A study of behaviour at an international scientific conference has found that male delegates ask more questions than their female colleagues, which researchers say is symptomatic of gender inequalities in science.
A team of UK-based conservation scientists monitored conference sessions at the International Congress for Conservation Biology in Montpellier, France in 2015, and analysed the gender and approximate age (based on a visual assessment) of those selected to ask questions.
Across the 31 sessions and 270 questions surveyed they found that male attendees asked 1.8 questions for each question from a female attendee, once the proportions of men and women at each session had been taken into account. The ratio among younger participants (those under 50) was also 1.8 questions asked by men to every one asked by women, suggesting the gender imbalance is unlikely to be caused by generational differences. They also found the gender of the session chair or speakers had no significant effect.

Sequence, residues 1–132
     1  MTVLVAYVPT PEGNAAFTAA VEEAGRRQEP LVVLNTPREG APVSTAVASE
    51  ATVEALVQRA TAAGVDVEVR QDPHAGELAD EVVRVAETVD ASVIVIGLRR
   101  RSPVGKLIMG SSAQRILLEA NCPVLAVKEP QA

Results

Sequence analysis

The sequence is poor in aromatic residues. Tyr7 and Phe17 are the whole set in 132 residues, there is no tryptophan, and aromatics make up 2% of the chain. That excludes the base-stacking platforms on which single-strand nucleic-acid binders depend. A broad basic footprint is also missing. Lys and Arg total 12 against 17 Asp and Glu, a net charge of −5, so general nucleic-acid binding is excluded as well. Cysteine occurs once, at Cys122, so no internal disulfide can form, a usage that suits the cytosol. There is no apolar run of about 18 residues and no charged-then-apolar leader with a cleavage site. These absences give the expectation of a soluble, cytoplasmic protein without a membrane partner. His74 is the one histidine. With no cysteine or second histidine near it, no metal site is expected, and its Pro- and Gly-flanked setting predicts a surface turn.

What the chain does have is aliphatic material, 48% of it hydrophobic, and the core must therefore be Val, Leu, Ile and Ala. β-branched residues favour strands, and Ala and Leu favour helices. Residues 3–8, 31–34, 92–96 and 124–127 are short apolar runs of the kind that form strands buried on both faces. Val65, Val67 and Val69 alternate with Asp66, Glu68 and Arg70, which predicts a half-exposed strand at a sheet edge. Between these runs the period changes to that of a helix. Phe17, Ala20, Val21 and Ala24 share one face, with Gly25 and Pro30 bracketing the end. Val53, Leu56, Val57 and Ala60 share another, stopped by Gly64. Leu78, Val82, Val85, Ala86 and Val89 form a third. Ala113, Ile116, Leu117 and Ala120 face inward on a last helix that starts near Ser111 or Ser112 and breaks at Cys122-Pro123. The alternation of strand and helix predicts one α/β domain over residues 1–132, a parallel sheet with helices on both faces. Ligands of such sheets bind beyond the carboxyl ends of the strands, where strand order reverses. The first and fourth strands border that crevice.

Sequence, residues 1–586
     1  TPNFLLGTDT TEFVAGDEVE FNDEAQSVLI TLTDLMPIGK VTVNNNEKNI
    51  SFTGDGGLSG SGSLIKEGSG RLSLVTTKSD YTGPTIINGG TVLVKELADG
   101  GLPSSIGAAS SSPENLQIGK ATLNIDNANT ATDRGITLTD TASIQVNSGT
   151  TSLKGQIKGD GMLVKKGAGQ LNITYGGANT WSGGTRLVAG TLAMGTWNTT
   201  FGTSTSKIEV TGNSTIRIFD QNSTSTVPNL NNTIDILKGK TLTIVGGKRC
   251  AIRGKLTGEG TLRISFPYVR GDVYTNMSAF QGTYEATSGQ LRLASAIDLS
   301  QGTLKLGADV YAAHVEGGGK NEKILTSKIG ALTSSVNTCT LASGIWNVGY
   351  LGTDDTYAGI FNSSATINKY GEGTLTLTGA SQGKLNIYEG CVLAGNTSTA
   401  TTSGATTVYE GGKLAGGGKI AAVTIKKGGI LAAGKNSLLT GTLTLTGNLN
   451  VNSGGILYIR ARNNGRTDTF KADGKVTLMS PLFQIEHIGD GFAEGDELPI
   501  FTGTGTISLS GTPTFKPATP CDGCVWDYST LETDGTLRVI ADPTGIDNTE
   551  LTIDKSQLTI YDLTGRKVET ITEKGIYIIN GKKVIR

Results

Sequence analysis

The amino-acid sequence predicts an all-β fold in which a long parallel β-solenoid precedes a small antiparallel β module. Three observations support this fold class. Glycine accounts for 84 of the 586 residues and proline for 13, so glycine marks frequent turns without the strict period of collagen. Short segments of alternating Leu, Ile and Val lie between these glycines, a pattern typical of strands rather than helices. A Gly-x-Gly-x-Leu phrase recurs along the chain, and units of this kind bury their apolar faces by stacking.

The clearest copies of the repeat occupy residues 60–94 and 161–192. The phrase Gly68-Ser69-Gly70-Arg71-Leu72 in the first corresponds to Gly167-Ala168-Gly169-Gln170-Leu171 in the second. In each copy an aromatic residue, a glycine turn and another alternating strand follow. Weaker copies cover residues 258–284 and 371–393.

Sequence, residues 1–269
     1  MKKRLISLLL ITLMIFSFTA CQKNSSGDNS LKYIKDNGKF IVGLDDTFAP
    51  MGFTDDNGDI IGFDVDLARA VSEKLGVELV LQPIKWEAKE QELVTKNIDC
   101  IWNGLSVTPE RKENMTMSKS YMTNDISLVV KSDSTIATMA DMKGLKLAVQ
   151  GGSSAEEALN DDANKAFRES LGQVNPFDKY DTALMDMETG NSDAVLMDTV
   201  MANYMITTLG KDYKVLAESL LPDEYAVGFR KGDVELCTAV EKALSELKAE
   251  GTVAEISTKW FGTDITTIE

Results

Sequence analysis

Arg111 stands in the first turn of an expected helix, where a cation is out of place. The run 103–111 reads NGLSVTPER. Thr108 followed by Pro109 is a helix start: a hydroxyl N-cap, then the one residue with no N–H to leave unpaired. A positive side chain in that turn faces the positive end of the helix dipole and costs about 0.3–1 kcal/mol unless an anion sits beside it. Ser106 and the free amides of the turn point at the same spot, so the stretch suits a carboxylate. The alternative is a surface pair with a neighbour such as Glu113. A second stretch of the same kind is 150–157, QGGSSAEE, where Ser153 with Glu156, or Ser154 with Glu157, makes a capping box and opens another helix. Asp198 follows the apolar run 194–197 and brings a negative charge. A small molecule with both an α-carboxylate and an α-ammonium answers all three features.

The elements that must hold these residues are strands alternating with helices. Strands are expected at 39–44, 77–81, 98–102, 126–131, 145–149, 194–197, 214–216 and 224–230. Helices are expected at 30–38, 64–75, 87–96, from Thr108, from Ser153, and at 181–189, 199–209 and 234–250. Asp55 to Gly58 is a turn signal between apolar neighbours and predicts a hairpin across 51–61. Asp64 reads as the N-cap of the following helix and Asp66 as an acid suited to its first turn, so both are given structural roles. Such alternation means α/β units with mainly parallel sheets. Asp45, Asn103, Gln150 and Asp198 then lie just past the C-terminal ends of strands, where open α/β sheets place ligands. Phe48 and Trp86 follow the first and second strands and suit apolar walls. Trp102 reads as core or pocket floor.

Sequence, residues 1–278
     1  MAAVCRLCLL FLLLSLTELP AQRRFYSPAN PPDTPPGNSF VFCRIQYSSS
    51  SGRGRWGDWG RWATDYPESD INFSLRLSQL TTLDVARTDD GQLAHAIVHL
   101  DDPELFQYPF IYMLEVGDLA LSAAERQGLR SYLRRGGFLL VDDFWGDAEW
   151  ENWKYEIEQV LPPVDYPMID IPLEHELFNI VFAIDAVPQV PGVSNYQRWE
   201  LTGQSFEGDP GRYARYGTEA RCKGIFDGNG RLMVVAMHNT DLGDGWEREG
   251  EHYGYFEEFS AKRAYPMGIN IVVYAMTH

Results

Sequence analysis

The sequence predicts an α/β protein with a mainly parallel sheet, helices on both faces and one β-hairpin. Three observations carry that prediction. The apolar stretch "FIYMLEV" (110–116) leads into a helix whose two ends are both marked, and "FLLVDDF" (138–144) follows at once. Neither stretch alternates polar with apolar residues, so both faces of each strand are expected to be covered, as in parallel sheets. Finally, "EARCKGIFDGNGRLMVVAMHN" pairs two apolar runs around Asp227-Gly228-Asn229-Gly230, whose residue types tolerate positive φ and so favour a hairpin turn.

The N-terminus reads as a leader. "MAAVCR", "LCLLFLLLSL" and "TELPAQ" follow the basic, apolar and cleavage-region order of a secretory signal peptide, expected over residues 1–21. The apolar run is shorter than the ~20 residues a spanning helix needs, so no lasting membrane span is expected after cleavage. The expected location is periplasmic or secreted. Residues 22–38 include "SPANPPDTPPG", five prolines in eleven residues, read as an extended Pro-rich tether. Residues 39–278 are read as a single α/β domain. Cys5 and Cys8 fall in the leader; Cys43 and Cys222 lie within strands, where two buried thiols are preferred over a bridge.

The researchers say there needs to be more research around issues of gender equality and participation. Although this area has been investigated in school-age children, their study was the first to compare the discussion behaviour of different genders at an international conference.
A Hinsley, W J Sutherland and A Johnston, PLoS One, 2017, DOI: 10.1371/journal.pone.0185534